US Democratic Debate: Observations of an Uninformed Canadian
I watched most of last nightâ€™s debate among Democratic Party presidential candidates and vaguely got wind today of Clinton panning Obamaâ€™s indication that he would meet with the presidents of Iran, North Korea, Cuba and Venezuela. What struck me was that all the candidates who answered this question seemed to accept the lumping together of all these leaders into the same “beyond the pale” category, regardless of which were democratically elected and of fundamental differences between their regimes. However, I suppose that this categorization is not at all surprising in American politics.
The other thing that struck me was the shortage of direct questions about another instance Clintonâ€™s “get tough” approach foreign policy: her initial advocacy of military action against Iraq. At the outset, Kucinich identified his consistent opposition to the war and record of always voting against funding it as setting him apart from the other candidates. Later on, Obama obliquely commented that “too many of us” went along with the push for war.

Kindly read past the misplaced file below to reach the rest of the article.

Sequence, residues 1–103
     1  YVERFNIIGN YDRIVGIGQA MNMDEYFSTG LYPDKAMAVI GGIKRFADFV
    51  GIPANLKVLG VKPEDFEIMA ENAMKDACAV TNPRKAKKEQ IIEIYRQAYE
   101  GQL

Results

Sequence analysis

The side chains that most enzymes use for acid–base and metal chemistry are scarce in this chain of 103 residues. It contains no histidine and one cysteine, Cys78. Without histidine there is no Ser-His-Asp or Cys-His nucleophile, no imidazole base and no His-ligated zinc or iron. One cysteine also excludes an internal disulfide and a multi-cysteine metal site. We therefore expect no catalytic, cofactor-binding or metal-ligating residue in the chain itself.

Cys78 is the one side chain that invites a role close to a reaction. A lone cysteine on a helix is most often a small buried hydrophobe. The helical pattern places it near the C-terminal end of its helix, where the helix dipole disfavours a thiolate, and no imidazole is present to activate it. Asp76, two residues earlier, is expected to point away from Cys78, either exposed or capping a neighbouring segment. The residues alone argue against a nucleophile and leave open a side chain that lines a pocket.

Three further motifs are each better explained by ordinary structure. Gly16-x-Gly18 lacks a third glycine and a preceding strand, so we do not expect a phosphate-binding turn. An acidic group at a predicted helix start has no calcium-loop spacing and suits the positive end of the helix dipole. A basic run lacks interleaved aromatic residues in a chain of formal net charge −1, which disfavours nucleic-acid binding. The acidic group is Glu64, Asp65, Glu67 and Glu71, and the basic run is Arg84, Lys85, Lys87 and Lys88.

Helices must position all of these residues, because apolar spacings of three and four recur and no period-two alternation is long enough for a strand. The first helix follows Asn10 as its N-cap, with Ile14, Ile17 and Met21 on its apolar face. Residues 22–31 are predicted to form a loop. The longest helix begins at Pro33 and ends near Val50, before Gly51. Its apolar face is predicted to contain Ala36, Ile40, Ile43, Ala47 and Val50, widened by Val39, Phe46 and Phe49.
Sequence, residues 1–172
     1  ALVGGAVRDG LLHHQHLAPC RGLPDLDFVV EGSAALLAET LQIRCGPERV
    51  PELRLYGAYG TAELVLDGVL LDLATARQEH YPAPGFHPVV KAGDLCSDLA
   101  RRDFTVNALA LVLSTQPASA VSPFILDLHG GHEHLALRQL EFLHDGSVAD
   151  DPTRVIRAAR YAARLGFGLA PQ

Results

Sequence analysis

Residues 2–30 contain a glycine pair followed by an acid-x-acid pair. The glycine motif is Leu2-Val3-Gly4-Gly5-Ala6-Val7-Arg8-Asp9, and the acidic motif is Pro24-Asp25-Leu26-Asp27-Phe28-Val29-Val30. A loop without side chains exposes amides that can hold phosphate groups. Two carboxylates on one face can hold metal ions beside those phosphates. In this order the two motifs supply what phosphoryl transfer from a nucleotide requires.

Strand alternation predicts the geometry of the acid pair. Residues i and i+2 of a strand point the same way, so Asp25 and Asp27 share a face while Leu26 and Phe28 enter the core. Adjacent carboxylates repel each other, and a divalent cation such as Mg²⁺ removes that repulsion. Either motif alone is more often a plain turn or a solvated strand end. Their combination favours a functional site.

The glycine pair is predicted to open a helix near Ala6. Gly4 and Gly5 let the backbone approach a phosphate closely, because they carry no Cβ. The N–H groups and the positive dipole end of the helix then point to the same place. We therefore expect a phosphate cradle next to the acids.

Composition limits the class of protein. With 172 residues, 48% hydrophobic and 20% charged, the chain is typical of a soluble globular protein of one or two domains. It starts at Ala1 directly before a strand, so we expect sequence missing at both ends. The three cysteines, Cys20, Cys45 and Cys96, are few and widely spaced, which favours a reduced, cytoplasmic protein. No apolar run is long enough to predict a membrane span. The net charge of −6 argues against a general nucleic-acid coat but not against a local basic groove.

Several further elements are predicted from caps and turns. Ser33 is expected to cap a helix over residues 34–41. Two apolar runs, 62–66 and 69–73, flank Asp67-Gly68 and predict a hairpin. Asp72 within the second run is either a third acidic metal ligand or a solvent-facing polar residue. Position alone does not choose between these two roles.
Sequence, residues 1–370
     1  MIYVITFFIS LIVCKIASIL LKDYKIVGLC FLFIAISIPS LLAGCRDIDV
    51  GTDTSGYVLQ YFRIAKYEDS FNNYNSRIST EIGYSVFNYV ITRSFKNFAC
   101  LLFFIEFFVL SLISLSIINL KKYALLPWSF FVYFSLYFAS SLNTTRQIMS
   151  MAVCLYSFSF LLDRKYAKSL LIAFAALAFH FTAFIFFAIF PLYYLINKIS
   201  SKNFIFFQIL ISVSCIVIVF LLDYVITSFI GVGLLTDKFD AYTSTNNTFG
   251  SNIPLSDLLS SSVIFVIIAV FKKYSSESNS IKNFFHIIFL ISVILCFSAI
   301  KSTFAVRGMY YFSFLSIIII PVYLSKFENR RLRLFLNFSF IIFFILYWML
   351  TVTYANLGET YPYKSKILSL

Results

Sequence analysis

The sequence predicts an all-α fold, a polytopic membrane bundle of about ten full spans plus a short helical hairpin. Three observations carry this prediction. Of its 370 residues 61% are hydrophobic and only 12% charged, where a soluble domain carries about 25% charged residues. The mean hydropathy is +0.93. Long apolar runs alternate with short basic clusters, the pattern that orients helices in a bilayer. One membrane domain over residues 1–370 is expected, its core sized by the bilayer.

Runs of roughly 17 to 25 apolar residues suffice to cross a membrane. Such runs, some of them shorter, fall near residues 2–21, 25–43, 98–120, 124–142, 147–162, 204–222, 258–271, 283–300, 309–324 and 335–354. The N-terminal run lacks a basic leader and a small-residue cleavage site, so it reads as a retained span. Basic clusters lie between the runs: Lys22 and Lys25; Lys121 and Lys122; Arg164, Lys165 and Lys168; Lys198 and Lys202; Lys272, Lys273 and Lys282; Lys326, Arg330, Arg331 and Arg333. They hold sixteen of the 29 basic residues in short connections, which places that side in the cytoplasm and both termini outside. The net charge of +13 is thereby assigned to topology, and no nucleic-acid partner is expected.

For years, the Iraq war has been the strongest issue for the Democrats against the Republicans. However, it will be much harder for the Democrats to capitalize on this issue if they are led by someone on record as having supported the war. Because Kerry had grudgingly supported the 2003 invasion, his 2004 campaign focussed more on how to manage the conflict than on whether or not to engage it. Clinton not only went along with the 2003 invasion, but hawkishly promoted it. How can she credibly lead the Democratic opposition to the war?
I am sure that evaluating past positions on Iraq would be extremely divisive for Democrats. However, it would be better for the Democrats to debate these hard questions during the primaries than during the presidential election.